Reality check: you cannot chase down every document just to ensure that it’s secure. After knowing your users and knowing your documents, it’s now time to check your collaborative workspaces. This third layer is as important as identity and data security and is the last piece to the puzzle of having a good security posture for your organization.

If you apply protections and control to your whole workspace, you can be sure that your documents are secure even if there is no configuration made on an item-level. This approach includes:

  1. Applying sensitivity labels to the whole site and group setting,
  2. Having a private Teams in Microsoft Teams and mandate external sharing settings, and more

Advantages of a Container-Focused Approach

One of the problems that users often think about is sprawl as it is easy to create many items and objects. Sprawl means that you have more than you can effectively manage. So how can you properly have an inventory of your collaborative spaces?

Through Cloud Governance, you can have a view of all your workspaces, their types, their compliance status, data owners, metadata on a deep level, and more.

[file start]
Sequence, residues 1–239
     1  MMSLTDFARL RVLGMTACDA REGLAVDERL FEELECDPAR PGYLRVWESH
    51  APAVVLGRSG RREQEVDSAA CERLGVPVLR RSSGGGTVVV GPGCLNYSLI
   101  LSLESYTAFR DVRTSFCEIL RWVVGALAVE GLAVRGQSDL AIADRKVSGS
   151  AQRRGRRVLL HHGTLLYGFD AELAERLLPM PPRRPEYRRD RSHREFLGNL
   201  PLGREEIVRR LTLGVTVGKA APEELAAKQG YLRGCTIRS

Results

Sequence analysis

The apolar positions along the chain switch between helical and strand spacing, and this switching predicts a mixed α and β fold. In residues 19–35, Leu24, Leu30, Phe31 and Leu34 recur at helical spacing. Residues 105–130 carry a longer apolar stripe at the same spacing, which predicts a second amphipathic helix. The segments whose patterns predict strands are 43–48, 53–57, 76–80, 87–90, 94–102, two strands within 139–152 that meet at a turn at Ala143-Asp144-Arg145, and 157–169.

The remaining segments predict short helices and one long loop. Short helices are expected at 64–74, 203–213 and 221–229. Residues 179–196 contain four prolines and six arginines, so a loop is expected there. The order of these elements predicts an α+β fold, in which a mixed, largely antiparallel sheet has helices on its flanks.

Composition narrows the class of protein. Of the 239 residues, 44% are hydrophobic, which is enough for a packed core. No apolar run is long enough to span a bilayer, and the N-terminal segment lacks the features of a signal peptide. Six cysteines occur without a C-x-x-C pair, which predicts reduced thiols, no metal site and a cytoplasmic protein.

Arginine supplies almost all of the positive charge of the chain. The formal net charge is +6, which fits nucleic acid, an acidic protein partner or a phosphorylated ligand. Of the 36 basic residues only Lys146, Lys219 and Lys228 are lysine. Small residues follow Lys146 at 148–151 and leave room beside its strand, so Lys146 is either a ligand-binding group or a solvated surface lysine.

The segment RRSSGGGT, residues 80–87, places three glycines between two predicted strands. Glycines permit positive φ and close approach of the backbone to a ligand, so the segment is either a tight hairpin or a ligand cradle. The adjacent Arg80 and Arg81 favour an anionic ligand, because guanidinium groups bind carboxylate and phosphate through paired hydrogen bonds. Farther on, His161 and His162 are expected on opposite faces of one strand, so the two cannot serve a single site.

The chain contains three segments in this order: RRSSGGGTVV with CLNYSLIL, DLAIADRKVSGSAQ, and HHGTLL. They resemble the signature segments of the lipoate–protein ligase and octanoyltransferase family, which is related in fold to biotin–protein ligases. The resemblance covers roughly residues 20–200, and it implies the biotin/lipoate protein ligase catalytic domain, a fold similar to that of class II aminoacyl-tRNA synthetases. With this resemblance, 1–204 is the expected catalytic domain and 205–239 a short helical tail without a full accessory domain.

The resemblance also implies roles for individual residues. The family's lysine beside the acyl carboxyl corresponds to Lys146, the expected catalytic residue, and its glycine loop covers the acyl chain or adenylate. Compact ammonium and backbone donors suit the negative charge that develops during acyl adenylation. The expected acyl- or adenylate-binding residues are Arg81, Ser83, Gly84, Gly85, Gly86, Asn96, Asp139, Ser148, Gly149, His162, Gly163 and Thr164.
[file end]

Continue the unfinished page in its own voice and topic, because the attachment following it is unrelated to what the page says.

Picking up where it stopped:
Moreover, with this comprehensive dashboard, you can observe ownership details, workspace activities, and policy information in a centralized view.

Right-Sizing Governance

Cloud Governance manages provisioning and allows workspace owners to import details. There are periodic reviews and confirmations of permissions, access, ownership, and key governance attributes to keep information current. With this approach, you have governed workspaces, secure data, and managed identities.

PRO TIP: Microsoft Secure Score allows you to see your security posture by analyzing your scores. You can assess your current settings and it will provide recommendations accordingly. Calculating a compliance score is also available to track your security and compliance standing in your organization.

Screenshot from Microsoft.

There are multiple strategies to ensure that your organization is secure, and with this three-layer approach you can achieve strong security posture inside and outside your organization. Watch the full webinar here to understand more about how these security features work together.